Cornell, W. G., "Losses in Flow Normal to Plane Screens", Transactions if the ASME, May 1958, pp 791-799 (since it is a bit old it can be a bit tought to get - let me know if you want me to fax it to you).

Another reference is:

Salmirs, S & Aljabari, S., "Prediction of the Pressure Loss Coefficient of Wind Tunnel Turbulence Reducing Sreens", AIAA Paper 92-0568, 30th Aerospace Sciences Meeting & Exhibit, January 1992, Reno

You can also find a quite long list of other references on:

http://vonkarman.stanford.edu/tsd/pb...el/rscreen.txt

and

http://vonkarman.stanford.edu/tsd/pb...el/screen.html

I hope that helps.
  Reply With Quote

Old   June 18, 2003, 04:07
Default Re: Correlation of loss coeffient
  #7
Harry Fulmer
Guest
 
Posts: n/a
Generally a laminar type loss has a linear relationship between velocity and dP, a turbulent loss has a quadratic one. Transitional flows obey a combination of the two of the form:

f = A/Re + B/Re^n

values for A, B and n can be found in the literature, Try Idelchik.

Good luck!
  Reply With Quote

Old   June 18, 2003, 05:31
Default Re: Correlation of loss coeffient
  #8
Rami
Guest
 
Posts: n/a
Suping,

We apply the Darcy-Forschheimer model

-dp/dx = A*mu*u + B*rho*u^2

where A and B are nondimensional correlation coefficients, mu is the dynamic viscosity and rho is the density.

We have used this form for various types of porous media (e.g., ceramic foam, tube banks and honeycomb) at various Re ranges. The A and B are found based on experimental data (e.g., Zukauskas for tube banks) for the appropriate porous medium micro-structures, and are generally related to the micro-structure parameters (e.g., the tube arrangement, diameter and pitches in tube banks).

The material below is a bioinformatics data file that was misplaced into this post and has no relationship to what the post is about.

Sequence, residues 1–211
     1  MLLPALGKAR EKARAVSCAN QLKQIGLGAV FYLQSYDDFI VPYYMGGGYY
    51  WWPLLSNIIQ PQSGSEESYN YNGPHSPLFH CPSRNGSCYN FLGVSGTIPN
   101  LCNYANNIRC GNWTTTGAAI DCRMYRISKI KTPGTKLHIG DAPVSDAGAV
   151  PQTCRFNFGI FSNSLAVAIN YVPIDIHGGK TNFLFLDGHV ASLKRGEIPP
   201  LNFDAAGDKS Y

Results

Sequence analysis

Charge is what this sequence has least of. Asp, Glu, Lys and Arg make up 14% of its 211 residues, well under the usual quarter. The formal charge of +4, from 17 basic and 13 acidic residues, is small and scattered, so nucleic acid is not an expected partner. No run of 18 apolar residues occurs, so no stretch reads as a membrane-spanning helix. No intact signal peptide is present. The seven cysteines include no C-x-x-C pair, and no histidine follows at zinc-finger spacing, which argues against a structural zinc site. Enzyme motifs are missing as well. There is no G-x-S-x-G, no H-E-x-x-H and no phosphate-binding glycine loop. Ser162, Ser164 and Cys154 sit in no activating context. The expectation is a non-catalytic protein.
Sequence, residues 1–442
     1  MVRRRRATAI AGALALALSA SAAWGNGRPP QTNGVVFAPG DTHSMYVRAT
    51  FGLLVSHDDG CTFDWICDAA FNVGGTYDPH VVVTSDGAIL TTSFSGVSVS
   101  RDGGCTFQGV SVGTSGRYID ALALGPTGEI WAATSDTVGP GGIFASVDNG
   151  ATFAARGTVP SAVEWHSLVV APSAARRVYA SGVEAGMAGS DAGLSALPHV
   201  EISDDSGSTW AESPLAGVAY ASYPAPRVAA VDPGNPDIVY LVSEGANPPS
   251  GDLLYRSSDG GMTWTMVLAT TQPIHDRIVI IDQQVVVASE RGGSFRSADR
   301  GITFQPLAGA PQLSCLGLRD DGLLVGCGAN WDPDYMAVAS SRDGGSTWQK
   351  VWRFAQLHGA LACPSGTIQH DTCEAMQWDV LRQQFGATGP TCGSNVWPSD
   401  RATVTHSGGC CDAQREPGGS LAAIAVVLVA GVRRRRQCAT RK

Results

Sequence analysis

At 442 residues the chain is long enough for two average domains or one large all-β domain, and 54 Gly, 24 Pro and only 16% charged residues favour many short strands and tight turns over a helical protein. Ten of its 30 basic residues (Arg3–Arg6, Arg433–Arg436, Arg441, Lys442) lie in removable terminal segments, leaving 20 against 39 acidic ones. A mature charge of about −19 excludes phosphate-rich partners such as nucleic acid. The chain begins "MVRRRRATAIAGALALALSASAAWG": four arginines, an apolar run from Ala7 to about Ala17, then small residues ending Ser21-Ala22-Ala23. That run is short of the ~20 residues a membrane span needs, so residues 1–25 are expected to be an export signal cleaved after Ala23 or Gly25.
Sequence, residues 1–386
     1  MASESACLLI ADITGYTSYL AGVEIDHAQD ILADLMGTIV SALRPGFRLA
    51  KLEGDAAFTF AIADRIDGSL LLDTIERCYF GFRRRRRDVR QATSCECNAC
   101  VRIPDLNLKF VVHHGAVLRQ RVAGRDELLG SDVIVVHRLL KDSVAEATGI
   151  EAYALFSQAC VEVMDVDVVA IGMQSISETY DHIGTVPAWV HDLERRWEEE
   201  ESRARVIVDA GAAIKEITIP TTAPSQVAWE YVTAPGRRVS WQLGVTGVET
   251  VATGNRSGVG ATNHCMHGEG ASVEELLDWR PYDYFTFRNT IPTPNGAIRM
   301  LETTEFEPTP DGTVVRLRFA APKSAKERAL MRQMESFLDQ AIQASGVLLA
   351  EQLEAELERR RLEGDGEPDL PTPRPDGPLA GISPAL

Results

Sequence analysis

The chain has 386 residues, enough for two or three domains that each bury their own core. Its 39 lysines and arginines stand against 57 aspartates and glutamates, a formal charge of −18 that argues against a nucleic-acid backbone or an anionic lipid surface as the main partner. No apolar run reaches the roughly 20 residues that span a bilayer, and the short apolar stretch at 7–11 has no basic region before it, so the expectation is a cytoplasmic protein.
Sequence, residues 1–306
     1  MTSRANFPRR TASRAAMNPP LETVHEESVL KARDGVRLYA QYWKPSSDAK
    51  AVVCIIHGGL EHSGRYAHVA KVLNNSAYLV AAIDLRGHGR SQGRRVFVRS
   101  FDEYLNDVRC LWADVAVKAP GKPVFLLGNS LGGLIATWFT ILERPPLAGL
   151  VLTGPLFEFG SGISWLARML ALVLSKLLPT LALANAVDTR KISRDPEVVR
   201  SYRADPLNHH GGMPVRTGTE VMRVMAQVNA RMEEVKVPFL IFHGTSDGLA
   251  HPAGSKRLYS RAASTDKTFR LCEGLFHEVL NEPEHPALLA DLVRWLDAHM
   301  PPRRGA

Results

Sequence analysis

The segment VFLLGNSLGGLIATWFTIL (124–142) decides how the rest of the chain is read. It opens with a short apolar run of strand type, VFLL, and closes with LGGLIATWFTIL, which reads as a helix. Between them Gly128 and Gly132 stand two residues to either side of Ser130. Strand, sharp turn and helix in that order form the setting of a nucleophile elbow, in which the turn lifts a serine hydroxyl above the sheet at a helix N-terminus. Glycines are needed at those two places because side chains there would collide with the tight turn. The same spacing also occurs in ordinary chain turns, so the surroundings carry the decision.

Having the correlation coefficients for the needed Re range, the model may be applied to any fluid.
  Reply With Quote

Old   June 19, 2003, 15:17
Default Re: Correlation of loss coeffient
  #9
Suping
Guest
 
Posts: n/a
I am not quite sure for your case.

In general, for high Reynolds number flows where Re=rho*U*k^0.5/mu >=1, Darcy law is inadequate, where rho is density, k permeability, and mu viscosity. A remedy to this problem is to employ an inertia term, containing a loss coefficient, to the standard Darcy equation.
  Reply With Quote

Old   June 19, 2003, 15:23
Default Re: Correlation of loss coeffient
  #10
Suping
Guest
 
Posts: n/a
Dear Friends,

From your responses, I really found valuable information. Many Thanks to all of you.

Best Wishes.

Suping
  Reply With Quote

Reply

Thread Tools
Display Modes

Posting Rules
You may not post new threads
You may not post replies
You may not post attachments
You may not edit your posts

BB code is On
Smilies are On
[IMG] code is On
HTML code is Off
Trackbacks are On
Pingbacks are On
Refbacks are On


Similar Threads
Thread Thread Starter Forum Replies Last Post
Pressure Loss dependet on Flow Direction MichaelN CFX 2 June 5, 2011 11:22
loss calculation in simulation of turbomachines playmaster Main CFD Forum 0 August 21, 2010 05:59
Mass loss! So what? jinwon park Main CFD Forum 13 May 22, 2008 09:29
How to deifmne head loss co effcint ? Angelina FLUENT 1 February 8, 2006 10:41
How to deifmne head loss co effcint in cfx? Angelina CFX 4 February 7, 2006 14:14


All times are GMT -4. The time now is 15:18.